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Health services and policy poster session 7: screening
P5-S7.02 Trends in screening females for Chlamydia in juvenile detention centers US 2005–2009
  1. D R Newman1,2,
  2. T A Peterman1,2,
  3. D E Collins1,2
  1. 1Centers for Disease Control and Prevention, Atlanta, Georgia, USA
  2. 2Division of STD Prevention, Atlanta, Georgia, USA


Background CDC began development of Performance Measures in 1999 and 58 Project Areas have continuously reported on the measures twice yearly since 2005. Two Performance Measures from Juvenile Detention Centers (screening in 2004 and positivity in 2009) were developed to capture the burden of chlamydia infection in this underserved population of adolescent females.

Objectives To assess changes in performance of screening of females in juvenile detention centers (JDC's) from the US as reported through Performance Measures and to obtain a measure of the positivity detected.

Methods 50 US States, six US cities, Washington, DC and Puerto Rico are asked to report the percentage of females screened for chlamydia twice yearly from all juvenile detention centers that admit 500 or more adolescent females annually. Project Areas with no facilities that admit 500 or more are to report on one or more facilities of their choice. A chlamydia positivity measure was added in 2009. We collapsed the 2 half-yearly reports for each Project Area into yearly summaries from 2005 to 2009.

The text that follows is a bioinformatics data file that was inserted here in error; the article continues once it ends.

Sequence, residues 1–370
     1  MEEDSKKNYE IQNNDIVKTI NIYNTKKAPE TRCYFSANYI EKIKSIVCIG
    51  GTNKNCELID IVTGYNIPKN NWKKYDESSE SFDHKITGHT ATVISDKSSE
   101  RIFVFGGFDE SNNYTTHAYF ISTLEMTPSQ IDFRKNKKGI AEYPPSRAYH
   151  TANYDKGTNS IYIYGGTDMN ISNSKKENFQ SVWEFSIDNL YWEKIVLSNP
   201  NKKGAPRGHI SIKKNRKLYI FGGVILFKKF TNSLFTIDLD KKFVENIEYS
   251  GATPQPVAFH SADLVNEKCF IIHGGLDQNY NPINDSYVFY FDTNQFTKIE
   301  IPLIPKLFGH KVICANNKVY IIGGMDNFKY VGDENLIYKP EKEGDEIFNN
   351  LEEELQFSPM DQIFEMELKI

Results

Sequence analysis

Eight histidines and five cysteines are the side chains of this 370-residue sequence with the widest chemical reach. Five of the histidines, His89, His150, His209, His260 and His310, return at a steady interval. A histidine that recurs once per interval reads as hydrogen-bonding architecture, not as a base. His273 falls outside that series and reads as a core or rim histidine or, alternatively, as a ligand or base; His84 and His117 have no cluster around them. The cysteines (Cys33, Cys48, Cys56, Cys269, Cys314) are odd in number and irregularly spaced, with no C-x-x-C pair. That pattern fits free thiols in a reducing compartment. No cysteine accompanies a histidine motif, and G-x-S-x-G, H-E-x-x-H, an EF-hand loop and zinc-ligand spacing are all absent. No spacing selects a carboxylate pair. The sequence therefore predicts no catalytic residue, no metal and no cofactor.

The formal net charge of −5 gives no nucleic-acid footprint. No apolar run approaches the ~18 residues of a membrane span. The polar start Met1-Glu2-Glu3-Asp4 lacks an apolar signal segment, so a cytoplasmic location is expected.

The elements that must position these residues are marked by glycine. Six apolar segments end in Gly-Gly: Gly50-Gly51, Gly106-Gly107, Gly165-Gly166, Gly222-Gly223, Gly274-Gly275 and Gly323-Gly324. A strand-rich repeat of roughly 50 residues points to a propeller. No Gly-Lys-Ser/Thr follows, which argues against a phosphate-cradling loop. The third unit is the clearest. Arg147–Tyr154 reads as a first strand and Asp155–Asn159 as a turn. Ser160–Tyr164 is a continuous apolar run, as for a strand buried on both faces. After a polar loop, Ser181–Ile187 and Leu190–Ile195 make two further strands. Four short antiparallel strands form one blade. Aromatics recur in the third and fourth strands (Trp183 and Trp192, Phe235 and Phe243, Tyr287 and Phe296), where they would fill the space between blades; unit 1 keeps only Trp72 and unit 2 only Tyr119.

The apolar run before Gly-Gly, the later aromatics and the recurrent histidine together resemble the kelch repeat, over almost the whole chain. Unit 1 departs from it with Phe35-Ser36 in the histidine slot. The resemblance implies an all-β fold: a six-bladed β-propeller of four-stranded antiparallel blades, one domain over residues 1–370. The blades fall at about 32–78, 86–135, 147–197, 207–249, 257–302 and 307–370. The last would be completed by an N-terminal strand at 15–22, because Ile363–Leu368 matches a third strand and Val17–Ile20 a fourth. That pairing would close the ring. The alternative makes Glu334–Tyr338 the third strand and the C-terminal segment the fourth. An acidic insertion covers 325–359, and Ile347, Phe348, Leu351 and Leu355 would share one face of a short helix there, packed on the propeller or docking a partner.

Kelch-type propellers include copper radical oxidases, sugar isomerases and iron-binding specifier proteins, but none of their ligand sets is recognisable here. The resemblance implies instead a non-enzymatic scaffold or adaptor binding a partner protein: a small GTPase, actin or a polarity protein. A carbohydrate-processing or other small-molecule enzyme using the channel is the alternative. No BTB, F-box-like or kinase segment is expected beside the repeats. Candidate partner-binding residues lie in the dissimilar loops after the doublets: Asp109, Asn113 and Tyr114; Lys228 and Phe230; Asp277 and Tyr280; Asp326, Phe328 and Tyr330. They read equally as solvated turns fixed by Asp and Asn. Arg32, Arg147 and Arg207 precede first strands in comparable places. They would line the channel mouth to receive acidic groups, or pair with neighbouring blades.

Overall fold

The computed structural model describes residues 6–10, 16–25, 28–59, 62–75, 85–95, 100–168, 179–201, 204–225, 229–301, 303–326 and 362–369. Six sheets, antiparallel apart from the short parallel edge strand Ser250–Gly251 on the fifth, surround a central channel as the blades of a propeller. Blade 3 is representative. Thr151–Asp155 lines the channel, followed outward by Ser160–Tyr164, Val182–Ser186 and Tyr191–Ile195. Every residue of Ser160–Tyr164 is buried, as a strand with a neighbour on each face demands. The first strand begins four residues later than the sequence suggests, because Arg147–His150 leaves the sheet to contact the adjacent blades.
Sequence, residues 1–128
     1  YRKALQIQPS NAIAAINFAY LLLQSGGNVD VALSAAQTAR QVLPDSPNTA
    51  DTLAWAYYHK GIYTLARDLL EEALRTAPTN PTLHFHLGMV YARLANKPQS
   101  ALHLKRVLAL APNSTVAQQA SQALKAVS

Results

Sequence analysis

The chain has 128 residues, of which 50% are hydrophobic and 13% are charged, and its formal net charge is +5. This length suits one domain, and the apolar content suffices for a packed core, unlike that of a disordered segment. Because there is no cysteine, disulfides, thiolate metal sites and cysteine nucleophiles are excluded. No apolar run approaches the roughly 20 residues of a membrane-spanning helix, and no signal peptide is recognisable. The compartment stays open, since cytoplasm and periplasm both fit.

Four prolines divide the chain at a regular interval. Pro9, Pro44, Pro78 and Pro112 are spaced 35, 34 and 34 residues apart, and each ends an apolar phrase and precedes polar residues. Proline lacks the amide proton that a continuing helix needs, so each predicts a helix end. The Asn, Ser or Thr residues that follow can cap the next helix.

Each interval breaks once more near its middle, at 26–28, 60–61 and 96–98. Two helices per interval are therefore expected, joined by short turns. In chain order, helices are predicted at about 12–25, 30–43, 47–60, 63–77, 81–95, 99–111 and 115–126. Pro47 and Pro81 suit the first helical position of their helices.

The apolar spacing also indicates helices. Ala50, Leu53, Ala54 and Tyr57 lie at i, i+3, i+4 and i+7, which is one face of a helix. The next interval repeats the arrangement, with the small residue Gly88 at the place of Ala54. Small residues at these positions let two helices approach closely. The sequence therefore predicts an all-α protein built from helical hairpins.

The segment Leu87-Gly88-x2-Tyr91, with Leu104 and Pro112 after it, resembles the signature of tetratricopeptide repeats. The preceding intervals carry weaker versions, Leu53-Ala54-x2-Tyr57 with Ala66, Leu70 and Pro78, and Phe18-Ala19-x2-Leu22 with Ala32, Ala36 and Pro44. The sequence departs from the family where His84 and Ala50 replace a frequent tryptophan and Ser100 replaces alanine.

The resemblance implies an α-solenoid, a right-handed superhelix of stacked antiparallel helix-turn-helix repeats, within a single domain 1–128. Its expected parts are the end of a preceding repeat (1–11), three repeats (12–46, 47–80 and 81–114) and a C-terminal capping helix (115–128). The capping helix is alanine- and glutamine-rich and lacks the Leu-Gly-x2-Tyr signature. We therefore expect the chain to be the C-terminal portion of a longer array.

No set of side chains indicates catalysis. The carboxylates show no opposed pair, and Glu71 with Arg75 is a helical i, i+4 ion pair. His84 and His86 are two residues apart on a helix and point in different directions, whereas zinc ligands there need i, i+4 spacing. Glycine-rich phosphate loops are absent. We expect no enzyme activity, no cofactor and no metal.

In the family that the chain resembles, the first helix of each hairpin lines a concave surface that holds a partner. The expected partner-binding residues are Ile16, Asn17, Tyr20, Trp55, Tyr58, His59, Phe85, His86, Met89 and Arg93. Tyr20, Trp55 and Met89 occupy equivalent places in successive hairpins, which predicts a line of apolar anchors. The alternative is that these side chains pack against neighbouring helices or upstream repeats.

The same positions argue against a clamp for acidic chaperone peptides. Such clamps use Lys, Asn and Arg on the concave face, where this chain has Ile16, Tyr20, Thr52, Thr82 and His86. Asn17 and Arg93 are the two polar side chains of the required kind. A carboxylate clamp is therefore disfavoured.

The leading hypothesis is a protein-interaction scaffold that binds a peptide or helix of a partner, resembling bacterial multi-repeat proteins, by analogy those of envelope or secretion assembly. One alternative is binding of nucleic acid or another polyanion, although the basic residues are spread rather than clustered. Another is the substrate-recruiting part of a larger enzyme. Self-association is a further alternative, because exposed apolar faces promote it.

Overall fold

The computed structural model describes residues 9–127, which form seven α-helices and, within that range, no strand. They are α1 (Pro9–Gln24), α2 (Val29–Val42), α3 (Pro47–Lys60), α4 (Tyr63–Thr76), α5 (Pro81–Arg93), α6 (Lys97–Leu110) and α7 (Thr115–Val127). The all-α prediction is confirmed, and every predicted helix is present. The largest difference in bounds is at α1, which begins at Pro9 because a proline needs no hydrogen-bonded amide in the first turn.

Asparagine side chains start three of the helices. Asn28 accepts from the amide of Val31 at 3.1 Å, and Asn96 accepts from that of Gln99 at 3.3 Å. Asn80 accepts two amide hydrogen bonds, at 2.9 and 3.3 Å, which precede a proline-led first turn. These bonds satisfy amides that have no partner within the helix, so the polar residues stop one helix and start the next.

Results The percentage of Project Areas that were able to report any chlamydia screening from their JDC's increased from 60% in 2005 to 84% in 2009. The mean percentage of Project Areas reporting any screening over the 5 years was 80%. Many Project Areas reported from multiple JDC's during 2005–2009 with California reporting from 12 facilities and Ohio reporting from 11 facilities. The reported percentage of juvenile females screened by year were 54, 63, 59, 60 and 51% from 2005 to 2009. The percentage screened ranged from 3% to 100%. The mean percentage of females screened over the 5 years was 57%. In 2009, the mean chlamydia positivity for all Project Areas was 13.8%. For facilities (n=69) that screened at least 100 females in 2009, the mean chlamydia positivity detected was 13.7%, with a median of 12.6% and positivity ranging from 6 to 31%. Almost half (48%) of the Project Areas reported from 49 facilities for all 10 reporting periods across the 5-year period. The percentage screened in these 49 facilities increased 59, 64, 66, 69 and 69% from 2005 to 2009. The mean per cent positivity for these facilities in 2009 was 12.5%.

Conclusions Juvenile Detention Centers are excellent venues from which to detect chlamydia infections in adolescent females. Additional efforts are needed to increase the number of facilities that routinely offer screening and increase the proportion screened.

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